I hurried down the high precipitous bank to the river, slid out upon the gray, glassy ice, and, kneeling down, proceeded to put on the skates. Deliberately—for in such a business the more haste the less speed—and carefully I fitted them, jammed the heel-pins home, passed and buckled the straps, straining them until my feet felt as if compressed in iron shoes, replaced my mittens, grasped my stick, one hand at each end, holding it athwart me—a most excellent plan, by the way, in skating long distances—and wheeling about in a few small circuits to feel the ice, and the skates, and the elasticity of my muscles, I turned northward, bent low, headed diagonally across the river to round the next point above, and struck out across the glimmering silent ice with long, steady, rapid, sweeping strokes.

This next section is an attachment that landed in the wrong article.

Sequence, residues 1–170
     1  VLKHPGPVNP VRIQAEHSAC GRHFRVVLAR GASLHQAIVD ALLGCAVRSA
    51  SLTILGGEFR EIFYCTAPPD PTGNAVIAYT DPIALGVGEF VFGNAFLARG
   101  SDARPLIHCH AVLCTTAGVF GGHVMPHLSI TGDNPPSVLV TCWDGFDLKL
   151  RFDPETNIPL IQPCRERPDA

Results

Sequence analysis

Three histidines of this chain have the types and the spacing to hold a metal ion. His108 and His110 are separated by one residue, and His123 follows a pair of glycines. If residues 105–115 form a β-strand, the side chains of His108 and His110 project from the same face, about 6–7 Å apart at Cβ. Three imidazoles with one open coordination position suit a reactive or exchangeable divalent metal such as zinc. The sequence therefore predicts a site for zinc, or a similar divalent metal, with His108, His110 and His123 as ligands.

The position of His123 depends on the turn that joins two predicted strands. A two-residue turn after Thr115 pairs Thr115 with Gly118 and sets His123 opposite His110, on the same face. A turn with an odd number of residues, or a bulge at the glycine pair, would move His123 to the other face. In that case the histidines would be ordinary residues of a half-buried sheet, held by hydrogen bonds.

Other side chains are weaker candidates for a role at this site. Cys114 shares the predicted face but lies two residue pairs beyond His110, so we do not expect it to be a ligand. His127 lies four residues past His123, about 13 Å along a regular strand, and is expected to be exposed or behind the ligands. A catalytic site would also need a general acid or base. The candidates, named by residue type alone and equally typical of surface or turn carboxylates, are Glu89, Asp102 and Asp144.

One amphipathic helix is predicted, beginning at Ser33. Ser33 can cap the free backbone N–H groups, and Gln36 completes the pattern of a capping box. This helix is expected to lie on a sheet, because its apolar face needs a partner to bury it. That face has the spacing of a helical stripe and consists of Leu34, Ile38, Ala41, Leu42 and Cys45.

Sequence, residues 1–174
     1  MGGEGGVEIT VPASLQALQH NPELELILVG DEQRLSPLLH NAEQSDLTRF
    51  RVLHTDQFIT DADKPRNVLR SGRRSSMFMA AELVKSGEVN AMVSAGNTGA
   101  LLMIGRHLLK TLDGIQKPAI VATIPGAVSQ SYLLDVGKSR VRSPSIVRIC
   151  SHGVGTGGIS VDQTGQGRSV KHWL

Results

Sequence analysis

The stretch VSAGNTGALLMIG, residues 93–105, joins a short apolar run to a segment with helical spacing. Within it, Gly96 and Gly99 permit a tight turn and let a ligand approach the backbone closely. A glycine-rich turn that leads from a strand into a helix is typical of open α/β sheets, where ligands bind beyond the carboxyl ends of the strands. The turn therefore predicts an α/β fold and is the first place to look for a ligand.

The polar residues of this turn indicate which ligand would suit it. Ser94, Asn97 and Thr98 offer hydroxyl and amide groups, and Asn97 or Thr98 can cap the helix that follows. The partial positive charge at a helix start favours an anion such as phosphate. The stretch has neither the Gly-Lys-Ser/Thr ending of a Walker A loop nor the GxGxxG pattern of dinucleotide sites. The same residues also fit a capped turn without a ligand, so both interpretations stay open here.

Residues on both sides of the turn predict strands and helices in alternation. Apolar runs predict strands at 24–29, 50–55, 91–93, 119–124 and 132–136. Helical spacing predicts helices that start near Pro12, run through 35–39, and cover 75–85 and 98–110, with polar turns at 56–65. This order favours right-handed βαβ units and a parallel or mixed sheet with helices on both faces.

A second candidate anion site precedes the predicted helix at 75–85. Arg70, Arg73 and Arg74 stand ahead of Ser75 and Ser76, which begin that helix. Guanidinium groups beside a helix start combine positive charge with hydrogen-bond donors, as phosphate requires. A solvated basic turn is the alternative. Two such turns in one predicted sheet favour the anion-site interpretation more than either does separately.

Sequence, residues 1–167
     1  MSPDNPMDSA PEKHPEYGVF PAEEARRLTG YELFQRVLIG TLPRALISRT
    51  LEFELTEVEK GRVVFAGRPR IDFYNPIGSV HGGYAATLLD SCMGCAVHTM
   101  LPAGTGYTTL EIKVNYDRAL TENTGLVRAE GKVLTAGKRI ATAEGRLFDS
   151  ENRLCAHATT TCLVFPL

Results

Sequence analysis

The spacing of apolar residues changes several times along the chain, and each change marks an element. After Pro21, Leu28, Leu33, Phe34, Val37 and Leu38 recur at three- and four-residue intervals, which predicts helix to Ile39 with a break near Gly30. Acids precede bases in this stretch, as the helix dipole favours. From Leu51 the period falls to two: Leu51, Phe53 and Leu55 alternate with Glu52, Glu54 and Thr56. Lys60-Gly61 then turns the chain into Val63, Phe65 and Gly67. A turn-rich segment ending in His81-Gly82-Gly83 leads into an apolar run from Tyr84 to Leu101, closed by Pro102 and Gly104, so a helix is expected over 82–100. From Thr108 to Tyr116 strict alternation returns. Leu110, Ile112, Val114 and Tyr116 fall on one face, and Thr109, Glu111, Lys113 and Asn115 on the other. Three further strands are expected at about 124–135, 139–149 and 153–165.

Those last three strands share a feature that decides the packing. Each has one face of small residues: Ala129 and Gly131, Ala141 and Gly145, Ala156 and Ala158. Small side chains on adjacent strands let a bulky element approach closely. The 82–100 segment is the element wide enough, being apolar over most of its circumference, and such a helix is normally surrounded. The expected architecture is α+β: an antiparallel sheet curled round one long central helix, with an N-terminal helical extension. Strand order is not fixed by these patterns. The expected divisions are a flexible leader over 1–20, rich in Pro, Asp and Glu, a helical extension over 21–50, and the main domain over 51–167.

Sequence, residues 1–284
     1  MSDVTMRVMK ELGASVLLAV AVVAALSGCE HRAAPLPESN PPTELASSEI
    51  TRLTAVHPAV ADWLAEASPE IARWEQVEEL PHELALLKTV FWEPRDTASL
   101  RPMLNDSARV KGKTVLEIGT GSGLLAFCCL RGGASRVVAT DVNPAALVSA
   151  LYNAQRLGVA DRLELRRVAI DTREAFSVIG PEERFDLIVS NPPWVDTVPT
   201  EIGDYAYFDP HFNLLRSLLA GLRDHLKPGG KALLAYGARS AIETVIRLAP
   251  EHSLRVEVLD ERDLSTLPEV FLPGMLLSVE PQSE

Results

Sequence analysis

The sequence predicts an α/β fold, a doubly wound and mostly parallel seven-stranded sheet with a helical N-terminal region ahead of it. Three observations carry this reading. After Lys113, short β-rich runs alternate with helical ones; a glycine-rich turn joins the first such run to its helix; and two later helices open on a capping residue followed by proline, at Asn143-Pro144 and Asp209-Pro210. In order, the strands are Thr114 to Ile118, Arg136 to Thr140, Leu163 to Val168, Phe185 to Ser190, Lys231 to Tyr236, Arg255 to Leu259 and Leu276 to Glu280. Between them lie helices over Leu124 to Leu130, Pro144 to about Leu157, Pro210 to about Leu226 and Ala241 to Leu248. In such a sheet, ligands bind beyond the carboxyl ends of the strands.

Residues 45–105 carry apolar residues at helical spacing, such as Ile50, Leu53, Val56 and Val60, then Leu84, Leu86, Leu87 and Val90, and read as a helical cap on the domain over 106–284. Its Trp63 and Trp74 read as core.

From Middletown to Hartford is about twenty-five miles by the course of the river. I might decrease this distance a mile or two by taking advantage of my knowledge of the river, and “cutting off corners.” But Tupling doubtless knew the same, and my object, if attained at all, must be so by desperate straightforward racing. My skates, fortunately, though quite new, were not too sharp; and as the ice was extremely hard, they ran over it with very little of the scoring cut which is so apt to diminish speed; and for twenty minutes I sped steadily on at a moderate pace, until I should get a little easy in my work. There had been  so much skating that the many tracks along my route afforded me no indications as to my predecessor.